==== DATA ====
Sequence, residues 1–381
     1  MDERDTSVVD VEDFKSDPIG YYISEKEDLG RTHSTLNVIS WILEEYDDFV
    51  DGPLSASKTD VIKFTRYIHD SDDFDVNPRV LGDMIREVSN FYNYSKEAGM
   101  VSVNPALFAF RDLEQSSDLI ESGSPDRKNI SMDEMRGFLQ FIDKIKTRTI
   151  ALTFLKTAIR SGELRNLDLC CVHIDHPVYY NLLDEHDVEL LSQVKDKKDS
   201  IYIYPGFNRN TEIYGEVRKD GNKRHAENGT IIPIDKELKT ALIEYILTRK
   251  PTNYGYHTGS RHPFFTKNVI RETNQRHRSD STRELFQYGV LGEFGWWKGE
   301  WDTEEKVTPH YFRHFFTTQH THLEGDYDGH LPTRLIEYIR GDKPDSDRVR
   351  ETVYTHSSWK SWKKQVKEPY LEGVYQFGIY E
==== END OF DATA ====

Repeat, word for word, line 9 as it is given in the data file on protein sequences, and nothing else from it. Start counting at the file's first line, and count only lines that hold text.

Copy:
   351  ETVYTHSSWK SWKKQVKEPY LEGVYQFGIY E